About three-dozen people gathered at the Chavez High School auditorium to hear a presentation and then ask questions. Most were very specific to their student's school or needs.
The problem is the district doesn't yet know how much its funding will be reduced as a result of the state's budget shortfall so there were very general answers and not everyone was comforted by them.
"Start from the top; don't take it from our children that are trying to make good grades and trying to make something of their lives," mother Frances Rincon said.
"We're going through department by department to try and make the reductions that we have to make so that we don't affect the class," HISD School Board Member Manuel Rodriguez said. "We don't want to touch teachers; we don't want to touch supplies; we don't want to increase the student ratio between students and teachers, but until we know how much the exact shortfall is going to be then we can't react on how much we have to cut."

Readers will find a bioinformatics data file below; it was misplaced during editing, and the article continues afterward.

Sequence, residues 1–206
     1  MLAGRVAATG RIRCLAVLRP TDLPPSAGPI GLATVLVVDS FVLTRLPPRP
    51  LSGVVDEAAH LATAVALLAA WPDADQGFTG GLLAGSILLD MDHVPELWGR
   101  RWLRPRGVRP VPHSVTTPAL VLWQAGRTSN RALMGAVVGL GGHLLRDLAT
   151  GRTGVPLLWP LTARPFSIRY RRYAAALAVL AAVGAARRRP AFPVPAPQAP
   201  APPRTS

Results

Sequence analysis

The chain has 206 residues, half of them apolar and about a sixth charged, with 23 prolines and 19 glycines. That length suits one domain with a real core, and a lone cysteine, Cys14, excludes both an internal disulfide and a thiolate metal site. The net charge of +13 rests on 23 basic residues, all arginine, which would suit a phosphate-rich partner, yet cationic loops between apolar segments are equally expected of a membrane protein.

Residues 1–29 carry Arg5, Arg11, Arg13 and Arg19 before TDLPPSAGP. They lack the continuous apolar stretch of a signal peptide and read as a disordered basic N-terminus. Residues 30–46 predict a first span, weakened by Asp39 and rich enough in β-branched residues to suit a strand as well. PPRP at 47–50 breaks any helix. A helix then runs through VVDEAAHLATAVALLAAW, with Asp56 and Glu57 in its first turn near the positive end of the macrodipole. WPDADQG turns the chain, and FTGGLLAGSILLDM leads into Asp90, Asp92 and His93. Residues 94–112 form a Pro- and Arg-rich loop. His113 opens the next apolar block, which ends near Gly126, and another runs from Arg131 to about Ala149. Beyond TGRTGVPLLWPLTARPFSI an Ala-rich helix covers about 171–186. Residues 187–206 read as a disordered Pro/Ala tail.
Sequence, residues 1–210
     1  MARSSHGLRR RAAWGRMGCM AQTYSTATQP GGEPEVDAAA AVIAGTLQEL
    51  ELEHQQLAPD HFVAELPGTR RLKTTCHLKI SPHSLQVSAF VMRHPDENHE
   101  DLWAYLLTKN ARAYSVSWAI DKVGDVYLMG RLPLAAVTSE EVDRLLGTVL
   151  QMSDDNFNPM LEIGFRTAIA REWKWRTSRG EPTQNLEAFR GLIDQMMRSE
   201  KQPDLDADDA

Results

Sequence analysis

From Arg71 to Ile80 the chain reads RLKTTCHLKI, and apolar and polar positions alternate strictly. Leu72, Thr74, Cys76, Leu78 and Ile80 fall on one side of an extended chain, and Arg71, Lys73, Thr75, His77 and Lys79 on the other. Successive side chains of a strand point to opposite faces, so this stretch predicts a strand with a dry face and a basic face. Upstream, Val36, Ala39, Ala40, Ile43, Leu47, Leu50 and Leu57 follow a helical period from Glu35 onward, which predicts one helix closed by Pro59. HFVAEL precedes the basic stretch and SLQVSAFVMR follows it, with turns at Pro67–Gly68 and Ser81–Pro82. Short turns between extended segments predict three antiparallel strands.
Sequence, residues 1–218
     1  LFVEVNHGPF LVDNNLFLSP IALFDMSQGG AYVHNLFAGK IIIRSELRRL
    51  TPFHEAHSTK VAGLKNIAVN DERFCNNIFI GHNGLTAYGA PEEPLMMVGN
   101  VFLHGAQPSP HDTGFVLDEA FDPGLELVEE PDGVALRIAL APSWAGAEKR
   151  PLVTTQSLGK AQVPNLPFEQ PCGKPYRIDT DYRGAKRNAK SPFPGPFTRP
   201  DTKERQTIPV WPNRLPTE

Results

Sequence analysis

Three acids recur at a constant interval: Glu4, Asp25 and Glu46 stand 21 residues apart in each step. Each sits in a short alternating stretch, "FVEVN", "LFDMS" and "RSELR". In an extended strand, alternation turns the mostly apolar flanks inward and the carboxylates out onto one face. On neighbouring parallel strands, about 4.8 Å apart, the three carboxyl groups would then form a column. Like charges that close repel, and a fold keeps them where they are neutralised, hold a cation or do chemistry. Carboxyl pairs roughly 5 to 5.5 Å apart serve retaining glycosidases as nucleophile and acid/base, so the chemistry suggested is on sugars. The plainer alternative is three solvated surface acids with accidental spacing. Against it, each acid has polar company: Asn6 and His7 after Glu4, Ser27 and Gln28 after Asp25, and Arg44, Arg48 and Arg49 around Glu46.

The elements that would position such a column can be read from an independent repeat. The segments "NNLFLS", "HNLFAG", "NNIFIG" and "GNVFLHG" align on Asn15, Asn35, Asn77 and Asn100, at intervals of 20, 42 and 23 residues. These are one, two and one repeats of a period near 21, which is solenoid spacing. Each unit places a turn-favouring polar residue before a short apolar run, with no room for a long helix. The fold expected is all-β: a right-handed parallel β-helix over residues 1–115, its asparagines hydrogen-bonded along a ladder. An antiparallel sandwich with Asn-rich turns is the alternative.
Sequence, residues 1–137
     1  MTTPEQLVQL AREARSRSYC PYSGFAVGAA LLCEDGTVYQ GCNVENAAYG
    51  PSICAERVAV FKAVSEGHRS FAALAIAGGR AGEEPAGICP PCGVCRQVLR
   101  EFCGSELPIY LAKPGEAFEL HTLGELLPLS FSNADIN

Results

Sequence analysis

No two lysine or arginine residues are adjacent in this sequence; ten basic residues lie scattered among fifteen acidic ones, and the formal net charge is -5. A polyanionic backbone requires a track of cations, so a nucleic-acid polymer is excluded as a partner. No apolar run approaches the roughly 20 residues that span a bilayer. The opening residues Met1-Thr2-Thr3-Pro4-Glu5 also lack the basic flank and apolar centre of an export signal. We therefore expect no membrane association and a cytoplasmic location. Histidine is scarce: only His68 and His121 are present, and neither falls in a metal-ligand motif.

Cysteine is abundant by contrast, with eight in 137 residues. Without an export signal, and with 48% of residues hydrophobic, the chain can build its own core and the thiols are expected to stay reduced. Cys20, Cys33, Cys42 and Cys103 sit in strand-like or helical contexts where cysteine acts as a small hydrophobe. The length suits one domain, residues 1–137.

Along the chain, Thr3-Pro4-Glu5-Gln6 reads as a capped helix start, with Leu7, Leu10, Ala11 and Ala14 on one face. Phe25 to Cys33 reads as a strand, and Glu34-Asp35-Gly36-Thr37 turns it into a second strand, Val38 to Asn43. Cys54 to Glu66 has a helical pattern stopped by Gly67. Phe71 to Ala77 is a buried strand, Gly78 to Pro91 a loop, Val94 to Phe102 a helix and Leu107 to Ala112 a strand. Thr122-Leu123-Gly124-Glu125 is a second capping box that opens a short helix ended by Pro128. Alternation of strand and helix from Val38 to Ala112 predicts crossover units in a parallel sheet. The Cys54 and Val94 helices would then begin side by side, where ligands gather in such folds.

Rodriguez says HISD doesn't want to touch class sizes, teachers, pre-K programs or magnet schools, but in an interview earlier this month, HISD Chief Financial Officer Melinda Garrett told us the amount of cuts, which no one has an exact figure, will be big and cannot be absorbed solely at the administrative level.
The district spends about $16 million a year on its 113 magnet programs, excluding transportation.
A recent report, commissioned by HISD Superintendent Terry Grier and the school board, recommended eliminating funding for 55 magnet programs and ending free busing for many students who transfer to the campuses.
Another option is something called right-sizing, which could close under-populated schools and move students around, which some worry will throw off the student-to-teacher ratio and affect learning.
HISD must adopt a budget by June 30.
Here is a list of all the locations and dates where the hearings will be held:
Visit Houstonisd.org to learn more.